Outside of that, It’s hard to say what’s the most crucial step of the program because everyone has such a different situation. Pathrise is a program with personalization baked in, and so while one student may struggle with their resume optimization but be great at interviews, another may have a great resume but struggle with how to pass a specific type of industry technical interview without our training.
In this case, I’d say the most crucial step in the program, then, is actually just making sure to attend small groups and 1-on-1s consistently – because it’s so personalized, we’ve observed a direct correlation between a student’s attendance and engagement and their eventual success and outcomes.
Q: As Pathrise grows, do you expect to build out a larger and more connected network of hired fellows? How do you see this impacting employment and hiring performance down the road?
A: We already have over 250 fellows placed and we have seen a great sense of community amongst alumni and current fellows. We’re really excited for this to continue and be able to reach out to our network of alumni for referrals as well as networking opportunities, advice, and support for current fellows.
Looking at the Hiring Environment Today
Q: In your opinion, what’s the biggest mistake that many high school graduates, college students, and college graduates are making today when looking for jobs?
A: Unfortunately, just sending applications into online portals doesn’t work most of the time. You want to be more creative than that. If you have the network, sourcing referrals is great too, but that’s not the only thing you can do.
For example, people are afraid to send cold emails or they might think that it’s not worth it, but we have found that is not the case. Cold emails are an opportunity to remind recruiters that you are human and, especially if you can find a connection, you can double your chances of receiving an interview with a solid cold email.
Overall, finding ways to go beyond being another resume in the stack or go beyond just an online application is essential to converting those applications to interview opportunities, but referrals and cold emails are great examples.
Of course, in the program itself, we get a chance to go much more depth into a step-by-step breakdown of the features and tactics to consider with referrals, cold emails, mail merges, career fairs, meetups, and so much more – but step one is even knowing that all that stuff is possible in the first place.
Q: What is your best advice for college graduates or others looking for a job?
A: It’s hard to pick a single best piece of advice. Here’s one: you know those behavioral questions you keep getting asked? They are all the same. The top one is “tell me about yourself” but “tell me about a challenge you overcame” and “tell me about a conflict you had with a peer or manager” are common too.
If you pay attention, you’ll notice that there’s about 5-10 of these questions that you’re asked almost every interview. Most interviewers go from interview to interview and just answer these questions off the top of their head, but if you think about it, that doesn’t make much sense. If you know you’re going to be doing a dozen or more interviews, and you know you’ll be asked the same 5-10 questions almost every time, you should write your answers down beforehand and ask for feedback – next time you answer that question, you’ll have a much more collected thought process!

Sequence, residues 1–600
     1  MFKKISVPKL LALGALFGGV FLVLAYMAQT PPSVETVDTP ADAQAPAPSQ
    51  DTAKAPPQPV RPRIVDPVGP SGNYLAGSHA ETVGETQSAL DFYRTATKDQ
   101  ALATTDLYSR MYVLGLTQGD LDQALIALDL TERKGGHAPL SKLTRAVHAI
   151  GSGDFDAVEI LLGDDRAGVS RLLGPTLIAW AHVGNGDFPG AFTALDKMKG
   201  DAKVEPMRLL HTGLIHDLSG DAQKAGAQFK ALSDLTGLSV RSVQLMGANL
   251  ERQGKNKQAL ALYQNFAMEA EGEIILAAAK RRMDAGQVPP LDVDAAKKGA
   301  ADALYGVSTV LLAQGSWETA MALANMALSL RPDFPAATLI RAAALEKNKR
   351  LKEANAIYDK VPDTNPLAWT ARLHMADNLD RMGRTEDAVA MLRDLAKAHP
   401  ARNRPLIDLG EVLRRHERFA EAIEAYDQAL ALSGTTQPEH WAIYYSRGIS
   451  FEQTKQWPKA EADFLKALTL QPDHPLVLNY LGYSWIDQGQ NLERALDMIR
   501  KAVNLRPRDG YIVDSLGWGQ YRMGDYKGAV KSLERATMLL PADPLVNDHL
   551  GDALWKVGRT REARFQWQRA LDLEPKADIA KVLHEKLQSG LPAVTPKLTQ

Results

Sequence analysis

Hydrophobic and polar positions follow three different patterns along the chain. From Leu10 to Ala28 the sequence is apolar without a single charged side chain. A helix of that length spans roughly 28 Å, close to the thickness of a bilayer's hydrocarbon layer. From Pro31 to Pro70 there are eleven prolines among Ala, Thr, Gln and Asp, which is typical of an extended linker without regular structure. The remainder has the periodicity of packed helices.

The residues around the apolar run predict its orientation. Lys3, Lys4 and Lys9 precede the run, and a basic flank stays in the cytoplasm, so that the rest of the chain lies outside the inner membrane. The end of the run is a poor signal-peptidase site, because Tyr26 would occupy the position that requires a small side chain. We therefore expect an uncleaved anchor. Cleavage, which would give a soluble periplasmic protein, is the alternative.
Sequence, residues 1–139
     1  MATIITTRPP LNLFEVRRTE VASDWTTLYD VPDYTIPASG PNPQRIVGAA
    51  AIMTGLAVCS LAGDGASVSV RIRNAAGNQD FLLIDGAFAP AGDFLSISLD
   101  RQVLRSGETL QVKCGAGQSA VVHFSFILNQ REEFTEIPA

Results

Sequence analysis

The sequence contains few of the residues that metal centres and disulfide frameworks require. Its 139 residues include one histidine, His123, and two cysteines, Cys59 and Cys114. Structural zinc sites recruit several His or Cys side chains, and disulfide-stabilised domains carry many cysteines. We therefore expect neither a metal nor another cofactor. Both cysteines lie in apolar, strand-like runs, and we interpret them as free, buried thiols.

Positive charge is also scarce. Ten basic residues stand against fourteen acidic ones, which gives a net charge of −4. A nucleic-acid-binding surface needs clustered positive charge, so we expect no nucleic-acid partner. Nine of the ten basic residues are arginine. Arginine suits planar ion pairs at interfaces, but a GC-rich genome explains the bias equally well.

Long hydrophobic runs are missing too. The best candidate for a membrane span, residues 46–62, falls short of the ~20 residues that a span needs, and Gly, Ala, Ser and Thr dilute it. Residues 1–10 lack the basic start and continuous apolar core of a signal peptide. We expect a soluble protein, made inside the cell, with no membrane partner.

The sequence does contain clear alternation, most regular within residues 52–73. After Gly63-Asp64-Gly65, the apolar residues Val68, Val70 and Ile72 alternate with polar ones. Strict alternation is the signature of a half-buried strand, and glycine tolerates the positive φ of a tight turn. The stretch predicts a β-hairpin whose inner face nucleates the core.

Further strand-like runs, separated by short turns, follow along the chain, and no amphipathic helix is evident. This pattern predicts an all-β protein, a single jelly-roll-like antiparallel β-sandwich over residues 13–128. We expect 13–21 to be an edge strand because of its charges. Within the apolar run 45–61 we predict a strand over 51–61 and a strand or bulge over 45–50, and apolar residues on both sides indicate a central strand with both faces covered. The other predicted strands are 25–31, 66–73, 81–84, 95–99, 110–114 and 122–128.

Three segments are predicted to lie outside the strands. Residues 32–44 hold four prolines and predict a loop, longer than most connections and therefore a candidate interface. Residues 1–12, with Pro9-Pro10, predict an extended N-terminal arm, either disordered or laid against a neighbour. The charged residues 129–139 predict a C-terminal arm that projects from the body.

At Pathrise, we have a worksheet for this and then company-specific worksheets based on our knowledge of the interview process of that company. We have every fellow fill out their core questions worksheet (we call it the “behavioral matrix”) and then review with their industry advisor to polish it until it sounds amazing. The difference between the original improvised answer and the one you actually write down and think about is night and day. If you want to practice on real behavioral questions from top companies, here’s a list from the blog.
Discussing Student Loan Debt
Q: Do many Pathrise fellows enter the program with student debt? Do you know the average balance of applicants?
A: We don’t request student debt information, but we do our best to accommodate financial situations when a student brings up certain challenges. There’s a priority to make sure our students are taken care of first.
Q: How does Pathrise help student loan borrowers pay back their student loans?
A: We help them make more money. The program usually pays for itself and then some, which means that students who go through Pathrise not only are paying less for Pathrise than the improvement to their pay overall, but are also pocketing that extra pay or sending it straight to help them pay back loans faster.
Q: Could you see Pathrise opening its doors to helping with other career options outside of strategy, software engineering, data science, and UI/UX design?
A: Definitely! We are exploring new tracks as we speak. Likely we are looking into marketing, sales, and recruiting.
Pathrise offers a career-accelerator program to recent college graduates or current professionals entering the tech space. The program is an eight-week course meant to bolster your resume, hiring profile, interview skills, programming skills, and more.
About Kevin Wu
Leading up the Pathrise, Kevin Wu worked in various different software engineering and product design roles, including founding his own mobile gaming studio: Unboard. Kevin co-founded Pathrise with Derrick Mar in the Y Combinator W18 startup batch.
Author: Andrew Rombach